Street vendors revive China’s economy in the aftermath of Covid-19
Feature photo: “Street-store economy” initiated in Chengdu is believed to have created more than 100,000 jobs in the city within two months. (Image source: Sina Finance)
For most street vendors in China who are used to being driven away by municipal police officers that try to keep the streets “tidy and clean”, being called by an officer asking them to reopen their business on streets sounds like a scam.
But this time, it’s truly not. The measure, known as the “street-store economy”, was initiated in the Southwestern city of Chengdu in the middle of March, allowing street peddlers to set up roadside booths or food stalls in areas such as streets outside residential compounds and on plazas, where this practice was banned prior to the crisis.
This move is believed to have brought 36,000 street stalls, driven the work resumption rate in the city’s central area to over 98% and created more than 100,000 jobs within a period of two months.
Temporary mobile stall station in Ruichang in Jiangxi province. (Image source: Jiangxi Net)
The initiative was praised by Li Keqiang, the prime minister, saying that the “street-store economy is bringing cities back to life”. Indexes such as “street market and roadside stall businesses” have been excluded from “Civilised City” ranking appraisals for this year, according to government documentation. Nearly 30 cities had already followed their lead by early June.
A 21-year-old university student, who preferred to be called by her surname Ma, returned to her home city of Zhang Jiakou in Hebei province from the UK for the summer holiday. She has set up a table outside the residential compound where she lives since June and has been displaying some of her own beauty accessories to sell. She said that this “business” has helped her make pocket money at an average of 200 RMB (£22.7) every two hours.
Table displaying beauty accessories set up by Ma in Zhang Jiakou, Hebei province. (Image credit: Ma)
Another peddler sells homemade spicy crayfish on a square next to a train station in Beijing. He said that with nine boxes of crayfish, he earned 300 RMB (£34) in three hours on the first day of his business.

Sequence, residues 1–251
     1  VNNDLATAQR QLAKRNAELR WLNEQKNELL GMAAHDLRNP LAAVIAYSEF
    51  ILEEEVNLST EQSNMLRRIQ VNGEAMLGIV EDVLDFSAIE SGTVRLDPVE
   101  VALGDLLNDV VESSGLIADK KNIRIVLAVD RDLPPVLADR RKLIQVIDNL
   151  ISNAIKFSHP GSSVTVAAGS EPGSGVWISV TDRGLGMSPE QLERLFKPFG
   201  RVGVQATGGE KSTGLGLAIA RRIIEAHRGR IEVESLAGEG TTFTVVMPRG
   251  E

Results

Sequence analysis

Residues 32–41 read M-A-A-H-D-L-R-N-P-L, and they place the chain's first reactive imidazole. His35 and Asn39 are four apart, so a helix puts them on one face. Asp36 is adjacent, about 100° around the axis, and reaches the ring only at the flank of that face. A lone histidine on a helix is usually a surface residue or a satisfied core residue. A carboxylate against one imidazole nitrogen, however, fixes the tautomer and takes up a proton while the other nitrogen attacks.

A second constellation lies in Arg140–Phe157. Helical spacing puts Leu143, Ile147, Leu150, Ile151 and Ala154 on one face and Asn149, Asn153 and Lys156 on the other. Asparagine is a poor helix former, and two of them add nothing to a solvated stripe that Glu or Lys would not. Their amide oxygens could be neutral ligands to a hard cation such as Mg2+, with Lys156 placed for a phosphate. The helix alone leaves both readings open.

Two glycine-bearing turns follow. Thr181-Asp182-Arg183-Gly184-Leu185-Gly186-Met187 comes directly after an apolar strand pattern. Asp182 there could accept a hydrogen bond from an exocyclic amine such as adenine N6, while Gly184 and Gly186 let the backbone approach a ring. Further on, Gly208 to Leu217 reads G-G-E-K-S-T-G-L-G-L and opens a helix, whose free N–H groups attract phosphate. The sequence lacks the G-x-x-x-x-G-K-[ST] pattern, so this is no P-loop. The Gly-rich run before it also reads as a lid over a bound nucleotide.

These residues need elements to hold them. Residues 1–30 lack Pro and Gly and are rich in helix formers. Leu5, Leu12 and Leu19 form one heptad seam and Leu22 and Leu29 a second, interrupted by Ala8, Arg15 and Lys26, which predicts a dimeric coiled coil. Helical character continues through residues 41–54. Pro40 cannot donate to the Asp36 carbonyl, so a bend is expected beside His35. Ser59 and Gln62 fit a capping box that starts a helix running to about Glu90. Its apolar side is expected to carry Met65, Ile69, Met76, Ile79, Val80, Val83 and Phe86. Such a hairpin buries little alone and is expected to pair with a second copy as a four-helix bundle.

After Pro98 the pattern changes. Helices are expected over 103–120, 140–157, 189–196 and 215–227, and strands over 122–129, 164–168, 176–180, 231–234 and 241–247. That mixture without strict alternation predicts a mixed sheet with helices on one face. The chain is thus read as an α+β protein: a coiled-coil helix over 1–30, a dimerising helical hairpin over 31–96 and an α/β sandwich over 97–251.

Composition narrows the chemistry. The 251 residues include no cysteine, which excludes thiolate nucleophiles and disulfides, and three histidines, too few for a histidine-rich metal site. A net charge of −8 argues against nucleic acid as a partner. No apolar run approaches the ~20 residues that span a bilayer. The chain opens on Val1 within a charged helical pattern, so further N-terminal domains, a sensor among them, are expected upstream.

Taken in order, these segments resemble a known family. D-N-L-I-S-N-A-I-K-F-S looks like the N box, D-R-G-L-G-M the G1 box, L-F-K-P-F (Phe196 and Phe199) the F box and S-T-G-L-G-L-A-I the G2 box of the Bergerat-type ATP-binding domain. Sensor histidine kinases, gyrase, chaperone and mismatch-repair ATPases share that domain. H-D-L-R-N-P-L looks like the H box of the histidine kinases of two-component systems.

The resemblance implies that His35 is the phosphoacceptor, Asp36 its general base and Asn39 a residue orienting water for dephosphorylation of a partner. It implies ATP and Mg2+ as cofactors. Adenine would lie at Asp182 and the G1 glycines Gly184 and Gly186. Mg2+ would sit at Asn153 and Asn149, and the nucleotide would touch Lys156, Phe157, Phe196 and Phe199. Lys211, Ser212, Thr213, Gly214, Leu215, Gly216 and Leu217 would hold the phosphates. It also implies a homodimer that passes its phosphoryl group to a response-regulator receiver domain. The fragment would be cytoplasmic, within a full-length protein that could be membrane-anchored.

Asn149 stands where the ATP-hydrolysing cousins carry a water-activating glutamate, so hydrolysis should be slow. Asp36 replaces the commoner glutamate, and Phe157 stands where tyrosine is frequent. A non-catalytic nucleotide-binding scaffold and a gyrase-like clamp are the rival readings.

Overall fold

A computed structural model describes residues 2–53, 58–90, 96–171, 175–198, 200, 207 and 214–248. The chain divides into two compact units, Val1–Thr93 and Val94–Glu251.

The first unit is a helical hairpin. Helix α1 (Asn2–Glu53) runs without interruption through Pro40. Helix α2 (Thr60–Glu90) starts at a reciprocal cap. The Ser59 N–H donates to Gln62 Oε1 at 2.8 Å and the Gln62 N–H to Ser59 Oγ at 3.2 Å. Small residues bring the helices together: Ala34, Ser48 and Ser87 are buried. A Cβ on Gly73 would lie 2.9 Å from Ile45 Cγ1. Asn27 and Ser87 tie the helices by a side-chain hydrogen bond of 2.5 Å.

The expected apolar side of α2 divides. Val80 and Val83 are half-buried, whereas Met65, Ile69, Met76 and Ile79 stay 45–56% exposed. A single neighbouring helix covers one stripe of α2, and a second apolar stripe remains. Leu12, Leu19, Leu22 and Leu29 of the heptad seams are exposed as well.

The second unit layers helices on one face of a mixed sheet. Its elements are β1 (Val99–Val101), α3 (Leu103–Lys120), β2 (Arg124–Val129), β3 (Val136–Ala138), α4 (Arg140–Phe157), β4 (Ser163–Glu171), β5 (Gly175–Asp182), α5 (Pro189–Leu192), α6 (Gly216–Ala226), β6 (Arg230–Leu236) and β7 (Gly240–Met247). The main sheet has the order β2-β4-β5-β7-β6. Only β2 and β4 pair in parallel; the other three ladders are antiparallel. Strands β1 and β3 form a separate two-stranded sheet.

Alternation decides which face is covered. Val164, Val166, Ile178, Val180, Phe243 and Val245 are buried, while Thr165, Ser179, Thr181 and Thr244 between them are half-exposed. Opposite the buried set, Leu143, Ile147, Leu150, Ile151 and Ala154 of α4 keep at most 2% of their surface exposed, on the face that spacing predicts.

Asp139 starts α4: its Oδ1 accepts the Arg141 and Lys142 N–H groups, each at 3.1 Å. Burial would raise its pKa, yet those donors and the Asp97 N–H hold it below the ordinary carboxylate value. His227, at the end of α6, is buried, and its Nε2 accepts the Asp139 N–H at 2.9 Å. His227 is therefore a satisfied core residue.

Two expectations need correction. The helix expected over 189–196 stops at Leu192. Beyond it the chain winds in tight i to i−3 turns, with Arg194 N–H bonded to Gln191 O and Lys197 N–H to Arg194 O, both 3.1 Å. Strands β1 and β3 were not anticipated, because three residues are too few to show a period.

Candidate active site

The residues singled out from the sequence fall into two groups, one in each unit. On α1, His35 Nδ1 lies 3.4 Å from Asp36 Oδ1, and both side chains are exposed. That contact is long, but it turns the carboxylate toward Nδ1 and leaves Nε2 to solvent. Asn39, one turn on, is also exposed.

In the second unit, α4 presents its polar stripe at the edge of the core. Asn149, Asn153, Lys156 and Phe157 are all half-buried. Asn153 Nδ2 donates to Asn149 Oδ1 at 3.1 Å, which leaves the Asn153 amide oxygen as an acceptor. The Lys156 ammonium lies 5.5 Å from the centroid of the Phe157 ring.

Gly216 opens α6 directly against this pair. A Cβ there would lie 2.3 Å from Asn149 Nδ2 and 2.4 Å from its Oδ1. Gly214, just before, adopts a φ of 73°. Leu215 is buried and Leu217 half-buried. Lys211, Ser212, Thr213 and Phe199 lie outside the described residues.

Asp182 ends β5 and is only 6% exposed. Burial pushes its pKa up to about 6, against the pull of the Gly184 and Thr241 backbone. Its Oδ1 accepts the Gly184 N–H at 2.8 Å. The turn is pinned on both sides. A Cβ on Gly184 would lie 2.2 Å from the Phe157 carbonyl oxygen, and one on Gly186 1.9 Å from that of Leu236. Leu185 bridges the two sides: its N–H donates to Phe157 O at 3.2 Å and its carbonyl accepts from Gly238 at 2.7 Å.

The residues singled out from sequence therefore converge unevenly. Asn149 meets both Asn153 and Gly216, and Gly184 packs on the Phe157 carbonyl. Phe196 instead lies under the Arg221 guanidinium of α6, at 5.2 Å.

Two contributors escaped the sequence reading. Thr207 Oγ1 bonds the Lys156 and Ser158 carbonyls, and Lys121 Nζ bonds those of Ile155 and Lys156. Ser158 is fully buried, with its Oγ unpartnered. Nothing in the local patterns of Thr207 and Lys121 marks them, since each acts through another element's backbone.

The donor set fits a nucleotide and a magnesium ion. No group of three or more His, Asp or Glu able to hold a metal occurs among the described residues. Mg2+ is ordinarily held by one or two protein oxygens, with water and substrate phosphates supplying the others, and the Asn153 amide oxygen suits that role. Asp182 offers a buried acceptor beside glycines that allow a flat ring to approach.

The nature of flexibility and mobility of roadside stores has increased the demand for vendor vans. One of the car manufacturers, Shanghai GM Wuling (SGMW), who turned its production line to make face masks when the country was hit hard by the virus, has now started making vendor vans, called “Wuling Rongguang Wings”. The firm’s (HK00305) share price rose by 120% on the day it announced this move.
“Wuling Rongguang Wings” vendor van. (Image source: Shanghai GM Wuling, WeChat)
Other listed companies that fall under the category of the “street-store economy” concept say shares have been the backbone that has driven the stock market.
The economy’s performance seems to reflect the contribution of street businesses. Following a contraction of 6.8 percent from January to March due to the country’s lockdown, China seems to have recovered. With a gross domestic product (GDP) growth rate at 3.2 percent in the second quarter of 2020, exceeding the median forest of analysts poll by Bloomberg, which predicted a growth rate of 2.4% in Q2 2020, it is believed that the Chinese economy has avoided a recession, which is defined as two consecutive quarters of contraction in GDP.
Despite the growth, experts such as Stephen Innes, Chief Global Markets Strategist at AxiCorp, cautioned that Chinese customers will not “go on a spending spree until they feel confident the environment is virus-free”. There are also those who claim that Beijing’s stimulus measures are more manufacturing-focused and the consumer side of the economy is however “a bit more problematic”.
Concerns have also been raised as to whether small restaurants and grocery stores will be affected by having to compete with street vendors. Peng Bo, associate researcher at the Chinese Academy of International Trade and Economic Cooperation said, “There could be some impact on the performance of shops. Online shopping has already largely challenged in-door shopping and cheap street stalls can be more competitive in offering similar products.
“The street-stall economy creates employment, increases opportunities for low-income groups and lowers living cost for the public. It’s actually a last resort to restore the economy in the aftermath of the pandemic.”
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